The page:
It was Medicaid that sent her to one therapist after another. Each therapist saying they thought they knew what her mother was up to. Each therapist saw with their eyes and heard with their ears how bad her mother was and convicted her mother of MSP. Yep! the physical evidence was blatant to them.

It was Medicaid who sent her to one dr after another instead of listening to her mother. Some of them did the tests wrong. Some judged her and her mother in the office. One dr would call another dr and convince them that the mother was MSP. And so we are finding many victims even on this board who are victims of the health community.

And those two groups of people practically destroyed our family and then cps stepped in and crushed us down further.

Maybe you are one of the rare therapists that help and do do a good job. I don't know; I guess time will tell if you keep posting after my venting and ranting.


Posted: Fri Mar 31, 2006 8:13 am
by Zookie
That's interesting.....unfortunately, Autism is becoming more and more common. I am working with two children with Autism Spectrum Disorder right now.....and in the same family! Not sure what your child's symptoms were but I am actually confused as to how that would be pinned as Munchausen's.......

The hallmark of Muchausen is that there is nothing medically wrong with the child. The reason the parent moves from doctor to doctor is to try and find one who will run tests and diagnose the child as "something." Sometimes a parent will "cause" symptoms....such as rubbing an irritating agent on the skin to cause a rash or smother the child to make the child appear to have breathing difficulties. If the child is having actual medical problems that cannot be induced, then it's probably not Muchausen's.

The case I had, the mother was taking the kid to regular doctors (for all of these "illnesses") and a lot of therapists as the she said she felt that child may be "bipolar" or "something." I saw nothing wrong with the child, other than she had poor attachment to her mother and her mother was not willing to work on it. (And this child did not have any developmental delays or disorders).

I am also surprised at the role Medicaid played, although I guess I do not know much about them other than they pay for In-Home services. The child I saw.....she saw all kinds of specialists. It is unfortunate that children are way overdiagnosed as being ADHD and Bipolar (Bipolar is also "rare"....only 1% of the popuation supposedly has it.....and yet ALL of these kids seem to pick up that diagnosis somewhere along the way just because they have the occasional tantrum)

We have three types of Medicaid in VA though and they are all different.....Straight Medicaid, VA premier, and Optima (which was Sentara).

Have you applied for a DD waiver for your child (with the autism spectrum)?


Posted: Fri Mar 31, 2006 8:17 am
by Zookie
I have no experience with the disorder, but am this the one where the child feels immense amounts of pain from just typical brushing up against something or having clothes on?

Why would they put her on lithium? That's such a toxic drug to put a child on.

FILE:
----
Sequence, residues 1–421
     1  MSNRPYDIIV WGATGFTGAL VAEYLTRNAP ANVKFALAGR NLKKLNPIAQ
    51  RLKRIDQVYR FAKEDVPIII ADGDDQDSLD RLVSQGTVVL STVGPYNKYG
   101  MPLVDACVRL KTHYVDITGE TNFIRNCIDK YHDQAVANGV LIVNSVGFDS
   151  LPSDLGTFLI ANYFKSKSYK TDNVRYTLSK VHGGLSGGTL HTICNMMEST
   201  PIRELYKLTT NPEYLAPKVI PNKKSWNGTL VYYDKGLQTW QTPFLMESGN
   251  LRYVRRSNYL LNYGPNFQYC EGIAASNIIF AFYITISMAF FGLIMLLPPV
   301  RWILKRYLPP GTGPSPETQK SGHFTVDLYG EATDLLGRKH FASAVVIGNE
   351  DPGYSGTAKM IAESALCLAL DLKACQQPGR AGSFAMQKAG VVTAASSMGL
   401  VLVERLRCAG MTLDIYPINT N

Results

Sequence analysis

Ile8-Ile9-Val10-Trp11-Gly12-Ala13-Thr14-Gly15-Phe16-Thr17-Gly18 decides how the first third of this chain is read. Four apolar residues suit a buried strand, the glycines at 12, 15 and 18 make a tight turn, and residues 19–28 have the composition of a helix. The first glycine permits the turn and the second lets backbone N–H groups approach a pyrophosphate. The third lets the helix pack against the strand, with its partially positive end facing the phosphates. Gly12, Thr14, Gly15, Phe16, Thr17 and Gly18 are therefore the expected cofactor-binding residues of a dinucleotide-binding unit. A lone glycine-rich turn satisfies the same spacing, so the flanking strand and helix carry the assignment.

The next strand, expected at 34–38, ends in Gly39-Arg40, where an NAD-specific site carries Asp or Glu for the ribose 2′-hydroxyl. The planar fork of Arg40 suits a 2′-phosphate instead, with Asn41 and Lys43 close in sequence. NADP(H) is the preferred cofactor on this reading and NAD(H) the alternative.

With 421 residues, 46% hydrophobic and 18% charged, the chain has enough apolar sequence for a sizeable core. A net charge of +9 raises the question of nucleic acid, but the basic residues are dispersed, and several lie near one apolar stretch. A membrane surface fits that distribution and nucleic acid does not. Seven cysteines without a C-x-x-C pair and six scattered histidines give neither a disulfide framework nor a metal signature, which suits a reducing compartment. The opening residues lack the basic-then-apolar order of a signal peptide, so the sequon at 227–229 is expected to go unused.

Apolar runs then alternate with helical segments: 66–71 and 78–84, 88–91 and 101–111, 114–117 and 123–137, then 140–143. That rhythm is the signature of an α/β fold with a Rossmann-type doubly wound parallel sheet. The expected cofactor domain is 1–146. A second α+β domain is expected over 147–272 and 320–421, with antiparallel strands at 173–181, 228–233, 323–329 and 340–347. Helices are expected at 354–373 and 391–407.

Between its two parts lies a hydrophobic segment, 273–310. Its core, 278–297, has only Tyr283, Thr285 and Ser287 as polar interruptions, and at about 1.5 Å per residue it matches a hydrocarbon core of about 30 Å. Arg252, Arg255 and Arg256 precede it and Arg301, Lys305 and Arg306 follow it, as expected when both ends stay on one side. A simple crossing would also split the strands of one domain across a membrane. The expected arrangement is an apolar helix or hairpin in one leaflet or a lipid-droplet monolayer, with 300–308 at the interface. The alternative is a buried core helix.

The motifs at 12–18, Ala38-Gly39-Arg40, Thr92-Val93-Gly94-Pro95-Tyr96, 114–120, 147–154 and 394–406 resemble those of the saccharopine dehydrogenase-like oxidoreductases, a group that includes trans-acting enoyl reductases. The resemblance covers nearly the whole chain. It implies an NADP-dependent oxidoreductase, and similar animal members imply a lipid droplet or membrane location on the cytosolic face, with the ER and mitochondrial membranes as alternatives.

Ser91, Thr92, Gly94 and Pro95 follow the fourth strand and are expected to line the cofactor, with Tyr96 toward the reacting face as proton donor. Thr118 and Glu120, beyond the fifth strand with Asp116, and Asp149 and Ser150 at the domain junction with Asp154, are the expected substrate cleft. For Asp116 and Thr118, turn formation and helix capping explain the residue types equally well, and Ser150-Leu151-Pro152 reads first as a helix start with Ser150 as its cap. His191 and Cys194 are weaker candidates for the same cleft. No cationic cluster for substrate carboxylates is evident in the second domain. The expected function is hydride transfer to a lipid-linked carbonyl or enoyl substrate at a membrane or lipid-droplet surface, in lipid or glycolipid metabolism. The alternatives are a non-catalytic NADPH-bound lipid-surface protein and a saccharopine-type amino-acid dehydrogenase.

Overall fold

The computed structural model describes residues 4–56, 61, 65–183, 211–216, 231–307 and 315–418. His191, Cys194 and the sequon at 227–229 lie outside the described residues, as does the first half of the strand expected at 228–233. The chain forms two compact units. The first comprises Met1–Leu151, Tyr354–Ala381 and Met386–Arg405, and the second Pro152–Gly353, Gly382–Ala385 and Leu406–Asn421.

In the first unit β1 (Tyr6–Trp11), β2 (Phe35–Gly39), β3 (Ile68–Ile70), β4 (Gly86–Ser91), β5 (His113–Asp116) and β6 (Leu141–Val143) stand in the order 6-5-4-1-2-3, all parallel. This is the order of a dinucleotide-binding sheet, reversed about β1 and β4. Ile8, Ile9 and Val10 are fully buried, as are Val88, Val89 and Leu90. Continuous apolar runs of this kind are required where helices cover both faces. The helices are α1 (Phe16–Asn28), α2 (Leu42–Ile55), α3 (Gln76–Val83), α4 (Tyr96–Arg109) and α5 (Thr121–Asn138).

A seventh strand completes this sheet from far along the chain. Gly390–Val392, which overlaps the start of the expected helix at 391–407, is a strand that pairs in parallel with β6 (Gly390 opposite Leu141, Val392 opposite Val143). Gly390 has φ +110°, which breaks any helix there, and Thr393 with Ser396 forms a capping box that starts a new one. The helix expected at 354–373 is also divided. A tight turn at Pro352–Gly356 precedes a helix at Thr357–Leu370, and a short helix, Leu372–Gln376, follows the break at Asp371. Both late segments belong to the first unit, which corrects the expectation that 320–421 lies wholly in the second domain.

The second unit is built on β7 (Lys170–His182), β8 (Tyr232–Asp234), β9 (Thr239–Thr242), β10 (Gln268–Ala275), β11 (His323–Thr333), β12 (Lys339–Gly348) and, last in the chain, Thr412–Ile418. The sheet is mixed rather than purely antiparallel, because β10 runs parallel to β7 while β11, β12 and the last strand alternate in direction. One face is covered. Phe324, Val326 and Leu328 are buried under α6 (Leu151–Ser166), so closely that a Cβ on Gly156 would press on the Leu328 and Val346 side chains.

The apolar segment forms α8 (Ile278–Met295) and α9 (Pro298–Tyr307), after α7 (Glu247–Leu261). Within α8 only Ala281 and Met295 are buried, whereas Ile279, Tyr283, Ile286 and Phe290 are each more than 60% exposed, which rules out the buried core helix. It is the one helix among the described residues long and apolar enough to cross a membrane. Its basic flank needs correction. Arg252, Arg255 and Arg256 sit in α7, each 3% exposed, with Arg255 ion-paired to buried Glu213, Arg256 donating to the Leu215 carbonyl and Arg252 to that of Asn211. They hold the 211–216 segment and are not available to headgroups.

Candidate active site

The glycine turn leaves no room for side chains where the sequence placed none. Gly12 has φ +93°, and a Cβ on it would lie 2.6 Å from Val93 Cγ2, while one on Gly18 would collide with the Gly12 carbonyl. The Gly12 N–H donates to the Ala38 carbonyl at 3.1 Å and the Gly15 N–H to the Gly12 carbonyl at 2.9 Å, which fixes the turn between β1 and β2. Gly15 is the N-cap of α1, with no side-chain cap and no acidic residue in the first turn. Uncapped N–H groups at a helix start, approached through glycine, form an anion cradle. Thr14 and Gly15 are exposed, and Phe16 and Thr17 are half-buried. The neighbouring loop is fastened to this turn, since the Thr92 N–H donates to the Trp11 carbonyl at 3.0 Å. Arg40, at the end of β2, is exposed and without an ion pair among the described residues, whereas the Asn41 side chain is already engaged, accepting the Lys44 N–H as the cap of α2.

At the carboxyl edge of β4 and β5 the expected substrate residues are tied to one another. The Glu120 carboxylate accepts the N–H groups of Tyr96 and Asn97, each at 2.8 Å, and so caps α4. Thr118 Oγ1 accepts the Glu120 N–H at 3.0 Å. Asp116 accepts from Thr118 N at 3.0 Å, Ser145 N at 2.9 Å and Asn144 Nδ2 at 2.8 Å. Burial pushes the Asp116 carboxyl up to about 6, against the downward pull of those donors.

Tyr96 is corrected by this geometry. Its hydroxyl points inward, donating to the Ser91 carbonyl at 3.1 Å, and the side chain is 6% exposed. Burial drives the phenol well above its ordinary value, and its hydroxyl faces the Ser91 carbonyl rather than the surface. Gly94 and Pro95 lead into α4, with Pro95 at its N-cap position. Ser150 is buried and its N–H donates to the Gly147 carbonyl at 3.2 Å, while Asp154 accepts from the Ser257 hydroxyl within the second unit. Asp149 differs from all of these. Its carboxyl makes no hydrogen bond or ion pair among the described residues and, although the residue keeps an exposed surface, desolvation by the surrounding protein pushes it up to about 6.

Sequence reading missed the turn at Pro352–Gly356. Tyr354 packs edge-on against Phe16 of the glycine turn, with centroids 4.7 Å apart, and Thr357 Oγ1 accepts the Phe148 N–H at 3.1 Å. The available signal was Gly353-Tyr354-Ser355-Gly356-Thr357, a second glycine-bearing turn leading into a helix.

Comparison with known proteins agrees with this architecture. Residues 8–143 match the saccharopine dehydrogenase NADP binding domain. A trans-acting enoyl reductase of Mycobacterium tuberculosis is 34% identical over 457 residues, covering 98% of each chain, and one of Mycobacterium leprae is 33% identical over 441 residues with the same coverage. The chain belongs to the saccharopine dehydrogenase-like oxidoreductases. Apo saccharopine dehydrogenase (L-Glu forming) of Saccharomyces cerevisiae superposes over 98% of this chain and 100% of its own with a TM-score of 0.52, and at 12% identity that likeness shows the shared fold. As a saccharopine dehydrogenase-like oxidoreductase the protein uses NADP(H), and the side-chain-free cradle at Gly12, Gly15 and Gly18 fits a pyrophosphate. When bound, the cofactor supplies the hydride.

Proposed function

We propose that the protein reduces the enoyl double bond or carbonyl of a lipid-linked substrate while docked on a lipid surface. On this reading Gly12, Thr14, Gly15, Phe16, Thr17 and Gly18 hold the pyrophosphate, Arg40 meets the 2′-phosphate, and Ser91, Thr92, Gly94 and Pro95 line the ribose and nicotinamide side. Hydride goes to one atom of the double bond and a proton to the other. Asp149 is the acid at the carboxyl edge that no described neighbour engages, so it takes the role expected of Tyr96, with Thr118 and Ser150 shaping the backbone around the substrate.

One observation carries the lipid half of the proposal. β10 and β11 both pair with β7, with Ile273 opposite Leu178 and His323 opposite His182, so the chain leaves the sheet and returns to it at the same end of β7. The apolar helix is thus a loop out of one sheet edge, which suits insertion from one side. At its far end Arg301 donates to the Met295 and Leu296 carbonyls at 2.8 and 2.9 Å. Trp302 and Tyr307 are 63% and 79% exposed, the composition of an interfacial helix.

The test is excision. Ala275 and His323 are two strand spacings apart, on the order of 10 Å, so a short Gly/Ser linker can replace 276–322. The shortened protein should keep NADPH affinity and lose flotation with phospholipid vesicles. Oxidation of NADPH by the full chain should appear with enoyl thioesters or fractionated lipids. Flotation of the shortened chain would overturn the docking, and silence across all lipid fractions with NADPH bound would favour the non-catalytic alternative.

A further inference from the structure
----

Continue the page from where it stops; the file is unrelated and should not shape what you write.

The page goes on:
Virginia gov. report confirms mistreatment of parents

Posted: Fri Mar 31, 2006 8:25 am
by Marina
Virginia's own government report confirms this mistreatment of parents ... ehavioral'

pages 13, 14

The difficulty families experienced accessing services had many negative effects on them, which included:

a. Incurring large debts from paying substantial sums for services not covered by insurance (e.g. intensive in-home therapy, respite), and for copayment of covered services (out-patient therapies, hospitalization.)

b. Receiving inconsistent advice about the level of child support ordered, and the calculation of this amount not taking into consideration the debt previously incurred in caring for their children with disabilities. Garnishment of wages for child support jeopardized some parents’ jobs.

c. Feeling at risk for substantial out-of-pocket costs when discharge planning for Medicaid-funded residential services was complicated by denials and appeal processes.

d. Facing financial crises aggravated by the loss of jobs or income resulting from a) parental involvement in attending court, meetings or treatment sessions during work hours; b) parents needing to stay home to supervise their children with disabilities when they could not find other care; or c) employers not accepting garnishments being imposed by the Division of Child Support Enforcement.

e. Receiving different options from different localities in the foster care system; some localities offered non-custodial foster care agreements and others did not. In one jurisdiction, a family could no longer care for their child in their own home and residential expenses were overwhelming. The family reported that it was only offered the option of fully relinquishing custody of their child to social services, including terminating parental rights, rather than being offered other less permanent options such as temporary relief of custody or a non-custodial foster care agreement. Other jurisdictions might have handled the case differently, allowing the